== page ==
If this exists, Norris decided not to include an image of it in his book.  And he gives IGI records much more credence than most geneaologists, amateur or professional.
It was about this time that the Bostic Lincoln Center was born.  It is located in Bostic, North Carolina, and is dedicated to educating visitors about Abraham Lincoln's real father, Abraham Enloe.  The Bostic Center has 'rare' books and will point to many quotes by those interviewed by James Cathey, such as a Colonel Davis who grew up with Lincoln in Illinois, and told Cathey:
It was generally understood, in that neighborhood, that [Thomas] Lincoln, the man that married the President's mother, is not the father of the President, but that his real name was Enloe.
It is this same Davis who is also included in the Cathey affidavits and recounted here by R. Vincent Elow, a distant relative of Abraham Enloe:
In the fall of 1860, just before the presidential election, Davis and his friend went back to Rutherford and spent an evening with Dr. Egerton. Davis told Egerton that in a private conversation with Lincoln, the presidential candidate said in confidence that he was of Southern extraction and his right name ought to be Enloe, but that he had always gone by the name of his stepfather.
At this point, you can begin to be overwhelmed by the Enloeist theory, or at least beaten down into submission to their theory.  DNA testing on the Nancy Hanks line seems to be in progress.
The Nancy Hanks DNA project appears to conclude that Lucy Hanks was the mother of Nancy Hanks as a result of an illicit affair.  Seven years after Lucy gave birth to Nancy, she married Henry Sparrow and farmed Nancy off to his brother and wife, Thomas and Elizabeth Hanks Sparrow.  Even Dennis Hanks, who lived with the Lincolns, called Nancy Hanks 'Nancy Sparrow'.
The North Carolina tradition, through the Bostic Lincoln Center, would also like DNA testing done on the descendants of Abraham Enloe to compare this DNA with any existing of Abraham Lincoln's DNA.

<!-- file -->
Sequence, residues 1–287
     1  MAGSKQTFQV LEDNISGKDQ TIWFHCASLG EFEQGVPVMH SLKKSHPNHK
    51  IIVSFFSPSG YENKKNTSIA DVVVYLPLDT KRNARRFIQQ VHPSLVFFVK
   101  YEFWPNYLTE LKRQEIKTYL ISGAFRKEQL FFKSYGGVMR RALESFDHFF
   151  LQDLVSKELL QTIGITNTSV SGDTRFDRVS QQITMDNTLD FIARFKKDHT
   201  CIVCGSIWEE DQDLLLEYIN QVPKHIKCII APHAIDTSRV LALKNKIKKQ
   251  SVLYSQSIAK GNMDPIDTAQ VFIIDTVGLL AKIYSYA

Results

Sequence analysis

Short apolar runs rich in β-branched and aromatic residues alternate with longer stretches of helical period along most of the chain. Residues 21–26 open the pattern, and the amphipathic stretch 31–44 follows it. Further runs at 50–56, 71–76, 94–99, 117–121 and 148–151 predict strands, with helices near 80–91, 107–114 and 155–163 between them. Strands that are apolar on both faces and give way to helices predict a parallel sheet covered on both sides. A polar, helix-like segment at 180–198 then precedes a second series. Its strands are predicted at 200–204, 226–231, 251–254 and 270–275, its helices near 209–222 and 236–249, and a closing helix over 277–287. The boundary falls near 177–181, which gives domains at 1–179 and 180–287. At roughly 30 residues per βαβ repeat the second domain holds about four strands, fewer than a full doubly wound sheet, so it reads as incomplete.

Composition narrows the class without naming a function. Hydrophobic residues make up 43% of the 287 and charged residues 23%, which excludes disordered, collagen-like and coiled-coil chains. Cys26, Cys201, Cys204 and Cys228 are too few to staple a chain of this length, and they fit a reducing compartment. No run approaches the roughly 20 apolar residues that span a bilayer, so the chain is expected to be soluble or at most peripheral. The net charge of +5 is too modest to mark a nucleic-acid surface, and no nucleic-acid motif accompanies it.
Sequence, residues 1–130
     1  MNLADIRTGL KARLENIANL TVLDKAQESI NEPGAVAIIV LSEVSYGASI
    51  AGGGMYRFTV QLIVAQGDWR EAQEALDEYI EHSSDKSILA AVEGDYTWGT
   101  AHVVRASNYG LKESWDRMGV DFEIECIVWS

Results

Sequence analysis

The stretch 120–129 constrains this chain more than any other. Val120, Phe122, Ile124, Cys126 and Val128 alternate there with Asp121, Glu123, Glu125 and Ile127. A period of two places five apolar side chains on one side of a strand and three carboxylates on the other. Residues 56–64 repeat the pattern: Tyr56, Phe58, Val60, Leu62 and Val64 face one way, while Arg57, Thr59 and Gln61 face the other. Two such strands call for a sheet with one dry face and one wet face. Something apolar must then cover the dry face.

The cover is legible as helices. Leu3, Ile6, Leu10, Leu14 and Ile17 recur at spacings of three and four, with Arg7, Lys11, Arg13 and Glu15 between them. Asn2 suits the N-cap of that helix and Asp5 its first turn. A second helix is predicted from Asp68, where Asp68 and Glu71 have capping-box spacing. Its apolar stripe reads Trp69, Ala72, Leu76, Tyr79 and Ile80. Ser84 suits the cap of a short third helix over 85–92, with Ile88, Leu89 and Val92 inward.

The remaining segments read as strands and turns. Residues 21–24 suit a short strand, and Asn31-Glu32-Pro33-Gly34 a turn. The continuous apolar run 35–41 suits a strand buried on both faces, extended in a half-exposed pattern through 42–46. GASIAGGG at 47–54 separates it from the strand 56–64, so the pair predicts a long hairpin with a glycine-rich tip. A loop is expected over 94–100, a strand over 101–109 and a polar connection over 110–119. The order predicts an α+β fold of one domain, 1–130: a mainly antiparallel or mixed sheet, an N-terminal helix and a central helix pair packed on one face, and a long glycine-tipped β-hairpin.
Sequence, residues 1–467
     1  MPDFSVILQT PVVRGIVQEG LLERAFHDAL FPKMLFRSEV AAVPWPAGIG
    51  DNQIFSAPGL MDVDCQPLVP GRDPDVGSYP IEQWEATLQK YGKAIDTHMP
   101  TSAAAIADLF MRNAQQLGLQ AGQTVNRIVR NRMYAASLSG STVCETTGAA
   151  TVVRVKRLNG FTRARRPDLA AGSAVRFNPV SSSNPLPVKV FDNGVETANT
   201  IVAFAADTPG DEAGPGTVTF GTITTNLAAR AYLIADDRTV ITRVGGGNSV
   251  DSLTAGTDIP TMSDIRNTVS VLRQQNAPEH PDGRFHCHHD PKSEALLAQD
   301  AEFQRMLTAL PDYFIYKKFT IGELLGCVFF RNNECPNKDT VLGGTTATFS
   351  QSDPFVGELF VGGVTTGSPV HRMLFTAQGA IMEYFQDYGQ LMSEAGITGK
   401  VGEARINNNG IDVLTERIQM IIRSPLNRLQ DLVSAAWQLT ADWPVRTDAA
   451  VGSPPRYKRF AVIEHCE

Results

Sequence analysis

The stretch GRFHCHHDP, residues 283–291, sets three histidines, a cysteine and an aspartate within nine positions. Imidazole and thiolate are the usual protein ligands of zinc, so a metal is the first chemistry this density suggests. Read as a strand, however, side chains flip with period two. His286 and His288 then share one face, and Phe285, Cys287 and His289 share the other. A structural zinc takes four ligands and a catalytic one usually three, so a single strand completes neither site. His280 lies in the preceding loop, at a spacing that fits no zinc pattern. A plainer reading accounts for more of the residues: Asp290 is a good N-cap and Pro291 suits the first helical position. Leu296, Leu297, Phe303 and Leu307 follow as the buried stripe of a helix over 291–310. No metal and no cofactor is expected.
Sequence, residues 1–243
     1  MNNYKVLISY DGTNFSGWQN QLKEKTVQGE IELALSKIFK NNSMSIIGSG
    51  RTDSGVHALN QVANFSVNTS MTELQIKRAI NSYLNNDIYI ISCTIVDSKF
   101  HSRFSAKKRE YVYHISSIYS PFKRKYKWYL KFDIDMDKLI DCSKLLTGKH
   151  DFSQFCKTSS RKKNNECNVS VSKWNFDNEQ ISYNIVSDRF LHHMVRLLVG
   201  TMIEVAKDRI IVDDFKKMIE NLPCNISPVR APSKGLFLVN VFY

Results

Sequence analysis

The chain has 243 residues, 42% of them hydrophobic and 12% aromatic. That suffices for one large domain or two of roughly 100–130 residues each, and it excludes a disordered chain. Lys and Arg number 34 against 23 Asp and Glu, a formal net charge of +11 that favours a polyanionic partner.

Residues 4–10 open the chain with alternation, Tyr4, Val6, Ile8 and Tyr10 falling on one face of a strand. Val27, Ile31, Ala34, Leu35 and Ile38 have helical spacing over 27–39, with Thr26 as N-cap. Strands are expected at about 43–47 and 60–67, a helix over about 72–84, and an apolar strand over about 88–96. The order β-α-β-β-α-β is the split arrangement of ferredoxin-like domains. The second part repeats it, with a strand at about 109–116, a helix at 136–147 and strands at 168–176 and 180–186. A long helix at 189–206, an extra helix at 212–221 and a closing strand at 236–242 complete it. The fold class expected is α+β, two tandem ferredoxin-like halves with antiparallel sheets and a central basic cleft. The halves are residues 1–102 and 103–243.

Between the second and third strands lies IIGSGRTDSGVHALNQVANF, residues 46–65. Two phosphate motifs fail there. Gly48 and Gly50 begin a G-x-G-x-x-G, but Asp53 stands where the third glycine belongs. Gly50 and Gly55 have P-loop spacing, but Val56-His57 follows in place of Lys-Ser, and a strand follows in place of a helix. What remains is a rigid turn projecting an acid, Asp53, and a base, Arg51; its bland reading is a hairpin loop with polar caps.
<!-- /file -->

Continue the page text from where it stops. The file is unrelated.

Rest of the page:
The story of how Enloe's Nancy got from North Carolina to Kentucky said that Abraham Enloe "had established a grist mill" near the historical birthplace of Abraham Lincoln.  Herndon describes a young Abe Lincoln as having liked to visit a grist mill, as described in this idyllic passage:
The dull routine of chores and household errands in the boy's every-day life was brightened now and then by a visit to the mill.  I often in later years heard Mr. Lincoln say that going to the mill gave him the greatest pleasure of his boyhood days.
Is this attraction Lincoln had for a grist mill in any way related to a knowledge he might have possessed that his real father had established a mill nearby?  Was the mill a 'great pleasure' for Lincoln as an escape from his distant and harsh father, Tom Lincoln?
In the end, the most either side of this controversy will give the other is:  The Enloeists, represented by Jerry Goodnight say, "Prove us wrong and we'll go away."
The historians and some genealogists say:  "There may have been a Nancy Hanks who had a son named Abraham by Abraham Enloe, but it wasn't Abraham Lincoln, the president."
Nancy Hanks Lincoln didn't raise Abe to adulthood.  In fact, she died in 1818 of 'milk-disease'. When Tom Lincoln died in 1851, Abe Lincoln was unable to attend the funeral, which some point out as further proof that Thomas Lincoln and Abe Lincoln were not that close.
If the DNA projects in both camps ever solve the mystery of Lincoln's paternity, Lincoln's own admonishment about his past, that it can be found in Gray's 'Annals of the Poor' will still hold true.
In the interim, a search of this issue on the Internet yields some interesting things about this story.  Researchers who have no knowledge of the paterinity issue seem to be turning up clues about Lincoln's paternity through looking at records in their own families.  This is one.  I'm sure there are others that will only deepen the mystery.